Defining the Epidemiology of Severe Burn Injury in Greater Manchester

UoM administered thesis: Doctor of Medicine

  • Authors:
  • Rachel Holt

Abstract

Burn injuries are one of the most painful and potentially debilitating traumatic injuries that a person can suffer. Every reader is likely to have, at some point in their life, suffered a burn injury, no matter how minor and therefore can have some comprehension of the pain and suffering associated with significant burn injury. Traumatic injury is the leading cause of death and disability in children and young adults. Although much has been done to optimise pre-hospital care and emergent treatment of injuries in recent times, the mainstay of managing death and disability from traumatic injury must lie in preventing these injuries where at all possible. To enable effective preventative strategies to be put in place it is important to define the demographics of those injured and the mechanisms of injury for any given population. Only then can we ensure that strategies are targeted in the areas where they are most needed at the mechanisms that are occurring most commonly.This study has combined a number of data sources namely burns service, fire service, coroners' service and accident and emergency department in an attempt to define the epidemiology and aetiology of burn injury in Greater Manchester. Data from the different sources was pooled and underwent a process of data-linkage to remove duplicate records. Rates have been calculated and compared according to age group, sex group and deprivation status. Poisson regression modelling was used to calculate the rate ratios amongst the different groups. Postcode data was used to allow geographical mapping of injuries across the county to allow rates to be calculated for different areas of the city. Where rates have been calculated for small area geographies Bayesian modelling was used to predict injury rates for those areas. Maps have been produced that show the areas with the highest rates of injury.The results show that in children it is the under five age group that have the highest rates of injury, particularly the under 2's. In adults, those over 75 years of age have the highest rates of injury. For all age groups males were more likely to be injured than females. In both children and adults higher rates of injury were seen in those areas where there were increased levels of deprivation. Key mechanisms of injury for individual age groups have been highlighted. The maps of Greater Manchester and its constituent local authorities show those areas with the highest rates of injury.The definition of target demographic groups and geographical areas within Greater Manchester will be used to allow development of targeted prevention strategies in those areas.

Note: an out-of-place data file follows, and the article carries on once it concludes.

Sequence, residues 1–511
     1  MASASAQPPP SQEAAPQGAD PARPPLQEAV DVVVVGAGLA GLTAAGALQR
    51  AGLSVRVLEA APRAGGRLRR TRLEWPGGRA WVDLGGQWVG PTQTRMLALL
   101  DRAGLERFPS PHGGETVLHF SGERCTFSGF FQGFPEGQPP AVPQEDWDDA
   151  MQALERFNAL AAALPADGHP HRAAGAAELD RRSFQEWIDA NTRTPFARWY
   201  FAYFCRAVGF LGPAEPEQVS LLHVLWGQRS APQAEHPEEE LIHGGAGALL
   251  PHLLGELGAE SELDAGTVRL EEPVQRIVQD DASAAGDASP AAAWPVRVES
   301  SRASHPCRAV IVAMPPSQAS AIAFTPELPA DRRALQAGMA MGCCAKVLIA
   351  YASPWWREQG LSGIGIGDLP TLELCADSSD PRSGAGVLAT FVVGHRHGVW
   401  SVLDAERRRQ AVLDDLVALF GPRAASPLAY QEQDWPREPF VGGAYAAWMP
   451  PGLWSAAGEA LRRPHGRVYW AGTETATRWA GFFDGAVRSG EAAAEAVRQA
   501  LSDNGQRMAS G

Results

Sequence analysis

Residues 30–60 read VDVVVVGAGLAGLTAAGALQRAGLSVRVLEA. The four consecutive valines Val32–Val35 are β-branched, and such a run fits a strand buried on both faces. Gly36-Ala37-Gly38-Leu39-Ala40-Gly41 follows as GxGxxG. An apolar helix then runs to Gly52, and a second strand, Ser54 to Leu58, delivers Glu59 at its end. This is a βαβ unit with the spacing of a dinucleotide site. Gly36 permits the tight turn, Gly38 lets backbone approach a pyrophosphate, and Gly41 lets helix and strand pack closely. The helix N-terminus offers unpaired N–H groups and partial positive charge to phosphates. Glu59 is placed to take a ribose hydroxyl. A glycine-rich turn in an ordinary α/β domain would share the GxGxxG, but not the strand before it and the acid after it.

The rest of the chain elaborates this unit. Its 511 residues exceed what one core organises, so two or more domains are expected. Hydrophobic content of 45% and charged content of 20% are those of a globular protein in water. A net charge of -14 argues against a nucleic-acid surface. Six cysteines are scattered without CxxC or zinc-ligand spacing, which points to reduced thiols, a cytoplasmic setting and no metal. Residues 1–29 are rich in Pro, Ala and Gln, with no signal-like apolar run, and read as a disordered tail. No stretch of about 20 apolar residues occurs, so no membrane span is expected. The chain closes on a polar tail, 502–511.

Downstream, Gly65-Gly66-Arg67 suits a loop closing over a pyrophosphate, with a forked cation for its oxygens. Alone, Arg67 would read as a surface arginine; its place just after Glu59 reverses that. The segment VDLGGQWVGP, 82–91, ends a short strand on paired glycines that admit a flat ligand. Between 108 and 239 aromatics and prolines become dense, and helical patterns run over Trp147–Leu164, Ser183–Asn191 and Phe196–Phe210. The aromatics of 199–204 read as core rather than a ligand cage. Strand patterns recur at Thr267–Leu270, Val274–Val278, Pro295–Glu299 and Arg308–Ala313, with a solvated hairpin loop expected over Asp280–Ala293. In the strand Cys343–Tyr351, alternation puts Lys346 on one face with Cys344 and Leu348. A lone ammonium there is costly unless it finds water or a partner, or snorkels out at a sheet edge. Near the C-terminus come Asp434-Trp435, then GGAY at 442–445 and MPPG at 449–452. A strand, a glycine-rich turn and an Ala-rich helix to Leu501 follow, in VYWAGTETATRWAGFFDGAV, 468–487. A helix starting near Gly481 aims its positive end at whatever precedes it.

Details

Original languageEnglish
Awarding Institution
Supervisors/Advisors
  • Sarah O'Brien (Supervisor)
Award date31 Dec 2012